Editor’s note: David Murphy is a retired colonel living on Osan Air Base with his active-duty wife and three boys. During the recent Key Resolve and Beverly Midnight exercises, he reflected on the life of a military child. David, thanks for sharing.
Our sons didn’t sleep well last night. The gunfire and explosions made the journey to the land of dreams difficult. Throughout the night, sirens blared and bugles called, beckoning men and women to combat. Sounds of violence across the street are not the melody of rest, rather the din of war. These are sounds no human should endure, whether child or adult. Antithesis of what should be, they sadly prevail around our sphere.
Much is written about the trials of military service, less so about strains on military children. Since we adopted three young brothers in 2007, we’ve moved six times. Our oldest son has attended eight different schools, the other two seven. They’ve said goodbye to more friends than I knew in all of my elementary years. The life of a military child is different from what so many American children experience. For them, a home is temporary, school is a transition, and friends are momentary. There are countless benefits to being part of a military family, and I’m thankful to the Air Force which provides them. But there are also many costs, some identifiable, others only known within each heart.
My military friends with older kids tell me the boys will miss it when it’s over. That may be true, but for now they endure a unique life, a universe far different from my experience at their age. Each morning, as they leave for school, their first sight is the barbed wire on a security fence and a concrete fighting position. These are constant reminders that we are at war where we live. Security here is fleeting and temporal, something that could evaporate before school is even out for the day. This is the world of Osan Air Base, Korea.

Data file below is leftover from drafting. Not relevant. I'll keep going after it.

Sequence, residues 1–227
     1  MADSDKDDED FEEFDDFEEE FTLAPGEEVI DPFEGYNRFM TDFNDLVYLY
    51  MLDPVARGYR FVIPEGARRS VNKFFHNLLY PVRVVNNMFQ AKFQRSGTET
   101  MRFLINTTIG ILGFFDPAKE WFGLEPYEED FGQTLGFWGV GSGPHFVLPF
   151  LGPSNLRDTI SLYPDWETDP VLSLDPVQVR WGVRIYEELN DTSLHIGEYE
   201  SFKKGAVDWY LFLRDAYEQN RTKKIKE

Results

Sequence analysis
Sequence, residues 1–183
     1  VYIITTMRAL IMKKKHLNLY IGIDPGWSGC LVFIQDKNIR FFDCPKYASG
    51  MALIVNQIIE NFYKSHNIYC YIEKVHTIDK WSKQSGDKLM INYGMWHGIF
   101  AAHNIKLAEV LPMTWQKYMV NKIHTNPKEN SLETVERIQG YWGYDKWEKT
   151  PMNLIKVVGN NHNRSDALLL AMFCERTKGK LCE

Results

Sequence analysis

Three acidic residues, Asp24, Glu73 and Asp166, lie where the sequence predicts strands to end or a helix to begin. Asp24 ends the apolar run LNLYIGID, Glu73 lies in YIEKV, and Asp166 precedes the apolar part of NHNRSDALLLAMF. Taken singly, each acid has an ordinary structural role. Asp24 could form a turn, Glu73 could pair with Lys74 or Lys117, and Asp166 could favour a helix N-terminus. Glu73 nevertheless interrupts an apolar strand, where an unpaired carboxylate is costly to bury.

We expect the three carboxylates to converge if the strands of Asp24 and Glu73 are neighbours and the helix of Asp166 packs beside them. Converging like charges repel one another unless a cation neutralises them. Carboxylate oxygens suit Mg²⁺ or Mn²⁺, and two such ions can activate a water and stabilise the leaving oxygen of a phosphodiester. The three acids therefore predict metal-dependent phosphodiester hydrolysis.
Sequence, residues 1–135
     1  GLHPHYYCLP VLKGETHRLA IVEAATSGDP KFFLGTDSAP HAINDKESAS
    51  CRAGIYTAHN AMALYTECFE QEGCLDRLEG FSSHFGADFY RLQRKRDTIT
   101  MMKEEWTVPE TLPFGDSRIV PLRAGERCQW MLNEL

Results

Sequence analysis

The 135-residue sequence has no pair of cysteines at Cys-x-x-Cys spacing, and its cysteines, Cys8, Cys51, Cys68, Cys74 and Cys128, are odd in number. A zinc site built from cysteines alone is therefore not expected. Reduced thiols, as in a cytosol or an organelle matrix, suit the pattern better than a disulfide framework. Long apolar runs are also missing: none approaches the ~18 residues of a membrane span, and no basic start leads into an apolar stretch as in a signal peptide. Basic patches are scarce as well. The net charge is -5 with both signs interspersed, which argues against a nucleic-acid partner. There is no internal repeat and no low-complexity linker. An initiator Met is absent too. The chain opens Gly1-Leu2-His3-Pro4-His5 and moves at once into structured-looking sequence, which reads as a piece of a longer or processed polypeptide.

Hill 180 forms a large part of Osan Air Base. The “Battle of Bayonet Hill” occurred here on February 7, 1951. Captain Lewis Millett led the men of Company E from the 27th Regiment, 25th Division, Eight U.S. Army on the bayonet charge which secured this land and earned him the Medal of Honor. Even as this area was secured by their sacrifice, I remember the high cost of the land which contains Osan, on which its families live.
And as I write, the sounds of gunfire still surrounding me, I’m reminded the war here in Korea is not over. The Armistice holds, because of the readiness of the Korean, American and allied men and women who make the military their calling. They have counted the cost and stand ready to fight. That long line of men and women, the lineage of Capt Millett, prepare for war this week. In this training exercise, that gunfire, those explosions, they aren’t real. They come from blank ammunition and bomb sound simulators. The horrid sounds they replicate are what so many children around the world endure each day, the sounds that remind them they are neither free nor secure.
For our family, these are the blessed sounds of freedom secured, of men and women willing to train day and night, willing to sacrifice, ready and trained to fight. The sounds of war and the wonderful roar of jet engines as fighter aircraft launch throughout the night make restful sleep elusive. But I wouldn’t trade this sleeplessness, this melody of combat training for any other sound. This is the harmony of men and women training to do their mission, working restlessly through the night to secure the freedom of my family and yours.
Sleep well my sons, your freedom secured by this combat lullaby.
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